You know what I mean. Giving up chocolate was the choice for Lent among the Holy Family Catholic school kids I grew up with in Levittown, New York, in the 60s. This year, one of our Seattle Pacific University students has given up his cell phone for Lent. A few years ago, our daughter Chloe gave away one piece of clothing per day — 40 in all.
If you’re more than halfway to Easter and haven’t managed a healthy dose of abstention, a measure of self-negation, then I’ve got a suggestion for you — something different, something a little less demanding and daunting. It doesn’t negate abstention. Or generosity. Or simplicity. It will, I think, prod you to abstain more, give more, and live with less.
Here’s my suggestion: Visit some key places during Lent, all of them within easy reach, none of them in a church.
Visit a cemetery. Consider afresh a legacy that matters. We are, after all, “ashes to ashes, dust to dust.” A buddy of mine has done thousands of funerals in the course of forty years as a pastor. “Never at a funeral did I hear people talk about the person’s job,” he told me. (He did confide one exception: a Boeing test pilot who inverted jets over Lake Washington. How could that go unmentioned?) What did my friend hear at funerals? “This person taught me how to shake hands when I was thirteen.” Stuff like that. So visit a cemetery. Read the gravestones, peppered as they are with words like, “beloved” and “missed,” “good mother,” “dear sister.” As you stroll, while you muse, consider afresh the legacy you want to leave.
Visit a couch. Consider afresh the capacity to nap. Naps are totally underrated by people whom poet William Butler Yeats called “the noisy set/Of bankers, schoolmasters and clergymen …” Escape from the busy trap a little more often. The Roman philosopher Plutarch, who wrote just about the time the New Testament gospels were probably composed, believed that visions came during sleep or near death — when the body is disconnected from the soul. And the story of the Christian church begins with a quotation from the prophet Joel, who promised, “your young men shall see visions, and your old men shall dream dreams” (see Acts 2:17-21). So consider afresh the capacity to nap — to step away from the rough and tumble of life, to slip away for even a few moments from “the noisy set” in order to see visions and dream dreams.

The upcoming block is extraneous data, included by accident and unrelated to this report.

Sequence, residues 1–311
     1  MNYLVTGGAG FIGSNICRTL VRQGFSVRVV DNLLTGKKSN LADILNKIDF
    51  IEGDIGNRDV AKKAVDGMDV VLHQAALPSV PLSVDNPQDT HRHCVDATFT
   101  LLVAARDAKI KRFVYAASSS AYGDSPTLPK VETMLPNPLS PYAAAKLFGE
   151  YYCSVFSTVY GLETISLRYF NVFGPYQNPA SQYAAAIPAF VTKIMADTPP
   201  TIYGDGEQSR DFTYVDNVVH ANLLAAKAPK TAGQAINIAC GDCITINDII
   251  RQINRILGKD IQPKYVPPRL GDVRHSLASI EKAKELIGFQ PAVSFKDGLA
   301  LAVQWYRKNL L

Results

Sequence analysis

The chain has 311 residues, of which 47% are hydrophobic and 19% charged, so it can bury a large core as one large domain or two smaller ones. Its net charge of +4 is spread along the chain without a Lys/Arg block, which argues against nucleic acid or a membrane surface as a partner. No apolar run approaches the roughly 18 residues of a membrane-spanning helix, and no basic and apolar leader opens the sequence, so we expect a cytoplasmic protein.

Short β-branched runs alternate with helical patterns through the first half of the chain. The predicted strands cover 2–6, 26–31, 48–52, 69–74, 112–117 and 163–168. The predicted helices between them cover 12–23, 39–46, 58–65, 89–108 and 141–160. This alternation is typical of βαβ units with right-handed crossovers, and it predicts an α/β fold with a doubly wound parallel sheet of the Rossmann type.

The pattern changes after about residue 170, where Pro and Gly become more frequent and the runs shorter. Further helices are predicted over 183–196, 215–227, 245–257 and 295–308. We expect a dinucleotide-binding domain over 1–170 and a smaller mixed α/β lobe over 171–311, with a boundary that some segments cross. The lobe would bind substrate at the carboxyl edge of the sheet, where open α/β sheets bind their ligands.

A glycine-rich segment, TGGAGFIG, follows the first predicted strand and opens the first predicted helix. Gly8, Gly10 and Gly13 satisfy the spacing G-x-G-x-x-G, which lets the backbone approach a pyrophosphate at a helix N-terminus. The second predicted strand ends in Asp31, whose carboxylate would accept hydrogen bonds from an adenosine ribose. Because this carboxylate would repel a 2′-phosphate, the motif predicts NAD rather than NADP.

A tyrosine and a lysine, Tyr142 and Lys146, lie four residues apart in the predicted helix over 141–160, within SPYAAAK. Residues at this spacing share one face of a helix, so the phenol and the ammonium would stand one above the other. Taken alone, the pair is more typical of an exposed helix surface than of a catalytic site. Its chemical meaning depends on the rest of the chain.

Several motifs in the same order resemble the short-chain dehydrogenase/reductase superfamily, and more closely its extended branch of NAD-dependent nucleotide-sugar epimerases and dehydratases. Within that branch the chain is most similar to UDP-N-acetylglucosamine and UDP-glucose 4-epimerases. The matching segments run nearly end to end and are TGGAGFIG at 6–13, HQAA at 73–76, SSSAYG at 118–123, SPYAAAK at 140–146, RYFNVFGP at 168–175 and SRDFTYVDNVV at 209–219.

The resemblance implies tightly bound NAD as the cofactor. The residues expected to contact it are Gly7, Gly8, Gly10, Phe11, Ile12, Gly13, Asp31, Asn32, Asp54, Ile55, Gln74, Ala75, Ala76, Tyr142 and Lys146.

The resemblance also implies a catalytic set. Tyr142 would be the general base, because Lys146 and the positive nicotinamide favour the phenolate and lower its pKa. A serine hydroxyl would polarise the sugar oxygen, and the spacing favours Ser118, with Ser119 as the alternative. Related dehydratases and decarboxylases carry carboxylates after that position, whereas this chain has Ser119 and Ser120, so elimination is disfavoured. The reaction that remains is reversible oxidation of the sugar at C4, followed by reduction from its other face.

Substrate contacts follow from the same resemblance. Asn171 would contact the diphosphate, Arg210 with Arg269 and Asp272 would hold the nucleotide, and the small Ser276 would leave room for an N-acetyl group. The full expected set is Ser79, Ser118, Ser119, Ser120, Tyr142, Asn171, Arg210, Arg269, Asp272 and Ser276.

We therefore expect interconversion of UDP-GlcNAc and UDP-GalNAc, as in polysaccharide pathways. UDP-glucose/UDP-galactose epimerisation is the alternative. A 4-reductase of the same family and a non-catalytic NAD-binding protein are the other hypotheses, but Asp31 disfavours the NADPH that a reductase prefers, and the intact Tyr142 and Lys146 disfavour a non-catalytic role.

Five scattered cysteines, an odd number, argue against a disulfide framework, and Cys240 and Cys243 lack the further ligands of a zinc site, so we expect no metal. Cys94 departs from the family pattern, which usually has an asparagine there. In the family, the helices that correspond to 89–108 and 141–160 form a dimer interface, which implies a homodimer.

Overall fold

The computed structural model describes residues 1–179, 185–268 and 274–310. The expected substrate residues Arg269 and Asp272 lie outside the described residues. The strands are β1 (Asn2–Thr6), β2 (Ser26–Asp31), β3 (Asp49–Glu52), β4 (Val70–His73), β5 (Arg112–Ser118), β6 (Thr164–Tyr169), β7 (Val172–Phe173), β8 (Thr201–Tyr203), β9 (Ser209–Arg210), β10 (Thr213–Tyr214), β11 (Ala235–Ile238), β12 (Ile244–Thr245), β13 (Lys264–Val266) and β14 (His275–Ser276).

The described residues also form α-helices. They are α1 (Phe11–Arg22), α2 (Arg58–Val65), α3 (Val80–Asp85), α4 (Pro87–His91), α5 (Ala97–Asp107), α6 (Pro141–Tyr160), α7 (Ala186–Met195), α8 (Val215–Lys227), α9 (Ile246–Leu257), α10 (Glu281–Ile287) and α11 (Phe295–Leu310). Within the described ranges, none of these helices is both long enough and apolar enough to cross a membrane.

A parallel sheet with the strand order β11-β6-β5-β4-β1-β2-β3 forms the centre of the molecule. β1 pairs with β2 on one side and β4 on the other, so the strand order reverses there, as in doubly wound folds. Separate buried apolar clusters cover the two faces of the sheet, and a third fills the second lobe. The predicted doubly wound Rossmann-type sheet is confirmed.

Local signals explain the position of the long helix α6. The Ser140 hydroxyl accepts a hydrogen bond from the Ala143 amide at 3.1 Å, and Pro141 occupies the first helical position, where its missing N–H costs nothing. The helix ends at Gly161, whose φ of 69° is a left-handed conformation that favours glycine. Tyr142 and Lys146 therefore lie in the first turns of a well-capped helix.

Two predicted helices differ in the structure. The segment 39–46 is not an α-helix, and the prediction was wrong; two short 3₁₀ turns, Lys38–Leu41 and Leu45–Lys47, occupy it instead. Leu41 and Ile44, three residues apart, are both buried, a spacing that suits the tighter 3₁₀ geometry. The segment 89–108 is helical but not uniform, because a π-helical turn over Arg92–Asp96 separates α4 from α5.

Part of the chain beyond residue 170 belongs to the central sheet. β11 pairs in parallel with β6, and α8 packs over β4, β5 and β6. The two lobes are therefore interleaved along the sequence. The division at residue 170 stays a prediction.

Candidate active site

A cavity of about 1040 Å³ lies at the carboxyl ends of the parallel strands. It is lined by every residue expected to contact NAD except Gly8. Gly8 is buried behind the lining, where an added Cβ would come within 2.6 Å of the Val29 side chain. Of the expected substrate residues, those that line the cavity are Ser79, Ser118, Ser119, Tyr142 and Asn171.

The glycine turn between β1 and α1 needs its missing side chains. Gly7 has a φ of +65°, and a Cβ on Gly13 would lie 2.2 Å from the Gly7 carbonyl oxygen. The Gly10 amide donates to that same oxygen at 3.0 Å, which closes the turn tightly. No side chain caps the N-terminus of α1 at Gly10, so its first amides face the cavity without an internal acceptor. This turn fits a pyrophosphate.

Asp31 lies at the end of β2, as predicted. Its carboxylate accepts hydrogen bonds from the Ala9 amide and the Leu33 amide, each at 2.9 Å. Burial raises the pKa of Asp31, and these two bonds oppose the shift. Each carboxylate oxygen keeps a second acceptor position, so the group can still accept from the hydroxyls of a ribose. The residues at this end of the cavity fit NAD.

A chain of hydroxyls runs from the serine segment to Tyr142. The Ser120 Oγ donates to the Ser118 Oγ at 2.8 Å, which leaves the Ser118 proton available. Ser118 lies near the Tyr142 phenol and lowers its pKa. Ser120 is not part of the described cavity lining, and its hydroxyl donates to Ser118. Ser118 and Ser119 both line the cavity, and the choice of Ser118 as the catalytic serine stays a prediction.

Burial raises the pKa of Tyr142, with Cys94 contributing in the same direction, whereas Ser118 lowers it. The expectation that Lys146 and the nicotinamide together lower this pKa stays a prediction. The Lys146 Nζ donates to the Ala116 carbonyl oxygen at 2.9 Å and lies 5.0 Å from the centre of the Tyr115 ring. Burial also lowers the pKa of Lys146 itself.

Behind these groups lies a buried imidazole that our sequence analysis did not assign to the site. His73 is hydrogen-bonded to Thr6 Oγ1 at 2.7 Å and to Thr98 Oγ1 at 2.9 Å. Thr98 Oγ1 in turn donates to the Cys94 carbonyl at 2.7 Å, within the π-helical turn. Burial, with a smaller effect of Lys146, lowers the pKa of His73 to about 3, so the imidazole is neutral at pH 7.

Visit a locker room. Consider afresh the capacity to face death head on. I do whenever I hit the gym — especially the locker room. There are guys in the locker room who have butts that look like overripe, wrinkled canteloupes squeezed together. Even the ones who are in shape. There they are, in the altogether, exhibiting the essence of Ash Wednesday, the crux of Lent — ashes to ashes, dust to dust. My son Jeremy won’t admit that he glances at these withered butts, but we were laughing about it the other night, so he must. We both think I should call this post — though I’d never be so completely vulgar, of course — asses to ashes, butts to dust. The bottom line? (Yes, that’s a pun.) Visit a locker room, and consider afresh the inevitable reality of this destiny.
So there you have it. I’m not telling you to give up chocolate or your cell phone for Lent. I’m not telling you to visit places that are hard to get to. Like a pilgrimage to Jerusalem or even a local cathedral or church. I’m not urging you to walk the labyrinth. I’m not telling you to attend a meditative Taize service. All of those would be great, but for this Lent, which is already half spent, carve out a few moments from the days that lie ahead between now and Easter to visit three must-see places.
Visit a cemetery, wandering through the gravestones — and ponder afresh your legacy.
Visit a couch, snoozing while “the noisy set” increases productivity — and ponder afresh your capacity to dream.
Visit a locker room, casting furtive glances at naked butts — and ponder afresh the certainty of your destiny: ashes to ashes, dust to dust.
(This post appeared in the Huffington Post last week. With a few weeks left in Lent, I decided to post it again here at spiritchatter.)